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  1. #1
    Ambivalent Luddite
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    SID XC travel change question

    2001 SID XC travel change question

    Tried this in the Shocks & Suspension & rec'd no response, thought I'd try it here.

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    Just picked up a SID and need to know if I change the travel from 80mm to 63mm will this decrease the axle to crown distance by 17mm? (that would be good).

    If yes, do I need the "All Travel Spacer" or is it already installed & just needs to be inverted or changed somehow?

    Thanks for any help with this, I'm moving from rigid and I'm not familiar with these forks. I ran a Judy for a few years back but those were pretty basic.

    Thanks

  2. #2
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    Quote Originally Posted by Retro Dude View Post
    2001 SID XC travel change question

    Tried this in the Shocks & Suspension & rec'd no response, thought I'd try it here.

    --------------------------------------------------------------------------------
    Just picked up a SID and need to know if I change the travel from 80mm to 63mm will this decrease the axle to crown distance by 17mm? (that would be good).

    If yes, do I need the "All Travel Spacer" or is it already installed & just needs to be inverted or changed somehow?

    Thanks for any help with this, I'm moving from rigid and I'm not familiar with these forks. I ran a Judy for a few years back but those were pretty basic.

    Thanks
    Yes, you will reduce a-c measurement by 17mm, from 451mm to 434mm. From what I understand, you need to install/add the all-travel spacers to do this. (ie.: If it currently measures 451, then they are not installed.) They supposedly came in a bag with the original fork, and people usually discarded them.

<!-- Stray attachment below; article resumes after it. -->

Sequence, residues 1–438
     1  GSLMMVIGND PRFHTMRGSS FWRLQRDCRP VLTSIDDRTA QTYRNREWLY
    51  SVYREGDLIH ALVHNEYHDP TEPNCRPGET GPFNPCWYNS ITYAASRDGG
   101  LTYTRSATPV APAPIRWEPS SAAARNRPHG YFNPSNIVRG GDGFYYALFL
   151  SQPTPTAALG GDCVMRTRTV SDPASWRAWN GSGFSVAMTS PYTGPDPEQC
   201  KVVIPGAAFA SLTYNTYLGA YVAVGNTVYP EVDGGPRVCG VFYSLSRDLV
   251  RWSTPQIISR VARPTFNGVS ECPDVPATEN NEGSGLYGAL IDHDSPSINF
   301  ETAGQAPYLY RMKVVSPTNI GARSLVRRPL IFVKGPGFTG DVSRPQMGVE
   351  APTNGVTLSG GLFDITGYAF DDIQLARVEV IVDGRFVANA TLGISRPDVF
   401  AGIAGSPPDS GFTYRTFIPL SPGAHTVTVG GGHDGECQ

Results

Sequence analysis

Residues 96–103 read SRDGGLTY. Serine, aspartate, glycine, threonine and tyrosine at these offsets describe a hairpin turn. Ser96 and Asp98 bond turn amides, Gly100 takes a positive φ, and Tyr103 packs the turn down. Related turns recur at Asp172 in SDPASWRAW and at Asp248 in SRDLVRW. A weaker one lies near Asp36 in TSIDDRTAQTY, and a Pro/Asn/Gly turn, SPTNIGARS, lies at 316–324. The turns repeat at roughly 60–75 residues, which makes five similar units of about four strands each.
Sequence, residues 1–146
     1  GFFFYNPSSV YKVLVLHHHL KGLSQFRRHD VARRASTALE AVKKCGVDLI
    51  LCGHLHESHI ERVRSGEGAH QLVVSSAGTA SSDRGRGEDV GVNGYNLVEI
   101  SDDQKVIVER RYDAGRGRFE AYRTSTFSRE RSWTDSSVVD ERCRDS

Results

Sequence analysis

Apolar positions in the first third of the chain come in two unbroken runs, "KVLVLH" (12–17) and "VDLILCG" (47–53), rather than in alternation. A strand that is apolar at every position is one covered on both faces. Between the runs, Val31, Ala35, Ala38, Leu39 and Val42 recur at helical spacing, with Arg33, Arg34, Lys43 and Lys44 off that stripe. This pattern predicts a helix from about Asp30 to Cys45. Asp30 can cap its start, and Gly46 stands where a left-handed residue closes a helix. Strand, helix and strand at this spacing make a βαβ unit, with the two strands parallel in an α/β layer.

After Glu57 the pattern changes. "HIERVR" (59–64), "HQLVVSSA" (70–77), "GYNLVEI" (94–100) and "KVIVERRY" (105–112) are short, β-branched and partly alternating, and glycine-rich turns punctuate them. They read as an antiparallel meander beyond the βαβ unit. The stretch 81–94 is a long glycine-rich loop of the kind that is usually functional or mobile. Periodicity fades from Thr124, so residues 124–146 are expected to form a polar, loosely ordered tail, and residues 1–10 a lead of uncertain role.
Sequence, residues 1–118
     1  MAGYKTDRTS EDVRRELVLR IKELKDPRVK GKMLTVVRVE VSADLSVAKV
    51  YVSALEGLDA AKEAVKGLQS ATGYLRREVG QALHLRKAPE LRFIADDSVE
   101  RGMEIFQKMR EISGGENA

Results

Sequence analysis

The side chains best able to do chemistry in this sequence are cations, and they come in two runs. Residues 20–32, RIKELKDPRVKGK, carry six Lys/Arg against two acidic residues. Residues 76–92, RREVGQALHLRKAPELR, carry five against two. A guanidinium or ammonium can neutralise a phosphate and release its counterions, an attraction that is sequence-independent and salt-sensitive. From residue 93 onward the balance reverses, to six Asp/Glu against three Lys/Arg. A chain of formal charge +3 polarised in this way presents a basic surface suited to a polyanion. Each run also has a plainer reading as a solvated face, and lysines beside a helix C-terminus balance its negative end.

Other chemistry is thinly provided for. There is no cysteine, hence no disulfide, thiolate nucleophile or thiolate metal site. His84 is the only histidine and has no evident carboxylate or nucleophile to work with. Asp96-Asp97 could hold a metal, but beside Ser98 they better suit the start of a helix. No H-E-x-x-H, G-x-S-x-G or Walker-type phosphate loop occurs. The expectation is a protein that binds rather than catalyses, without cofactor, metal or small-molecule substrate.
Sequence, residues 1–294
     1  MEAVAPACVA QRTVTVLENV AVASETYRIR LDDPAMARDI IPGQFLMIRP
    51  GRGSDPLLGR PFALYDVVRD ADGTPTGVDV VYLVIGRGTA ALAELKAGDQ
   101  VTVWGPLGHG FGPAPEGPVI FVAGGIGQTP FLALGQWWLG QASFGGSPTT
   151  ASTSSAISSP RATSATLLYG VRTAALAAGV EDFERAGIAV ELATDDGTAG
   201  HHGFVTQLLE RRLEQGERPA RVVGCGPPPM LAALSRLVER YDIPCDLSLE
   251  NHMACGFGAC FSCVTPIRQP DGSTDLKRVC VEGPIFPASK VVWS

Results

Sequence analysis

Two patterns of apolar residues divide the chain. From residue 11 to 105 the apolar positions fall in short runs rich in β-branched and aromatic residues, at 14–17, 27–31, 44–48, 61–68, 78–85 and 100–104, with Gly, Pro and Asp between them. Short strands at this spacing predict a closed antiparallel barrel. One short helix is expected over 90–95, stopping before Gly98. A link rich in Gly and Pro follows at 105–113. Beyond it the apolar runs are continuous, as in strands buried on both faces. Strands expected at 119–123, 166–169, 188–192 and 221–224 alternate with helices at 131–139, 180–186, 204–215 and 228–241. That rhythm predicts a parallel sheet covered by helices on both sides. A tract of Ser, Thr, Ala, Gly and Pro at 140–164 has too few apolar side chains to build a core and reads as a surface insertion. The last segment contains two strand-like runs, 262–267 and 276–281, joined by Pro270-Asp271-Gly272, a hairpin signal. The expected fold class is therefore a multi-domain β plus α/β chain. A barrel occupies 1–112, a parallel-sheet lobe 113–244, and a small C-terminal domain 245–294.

Attached is a useful chart I found recently, while wrestling with the same questions for the same fork.
    Attached Files Attached Files
    We still hang bike thieves in Wyoming [Pedal House]

  3. #3
    Ambivalent Luddite
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    Thanks iamkeith

    Now the search is on for an all travel spacer.

  4. #4
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    Try the fork at 80mm with 30% sag. It will get you very close to the actual A-C of a 63mm fork with minimal (ie 10%) sag the way the old school 63mm forks used to work. 17mm change in A-C (less when you take sag into account) will not adversely affect the handling of your average old school ride as the head angles will be fairly steep and you'll only be changing things by around 0.5-0.8 degrees.

    If the fork works for you with 30% sag then all good. If you get harsh bottoming then you will need to install the spacer under the air piston rod seal head and put more pressure in the fork. You can see the air rod in the pictures of my disassembled SID race here.

    Also, the 80mm fork will not magically snap your head tube off the frame or any other BS old wives tale related to using a longer fork. Indeed a better fork, even with longer travel, will place less strain on your frame that some ancient elastomer based jack-hammer (or any rigid fork).

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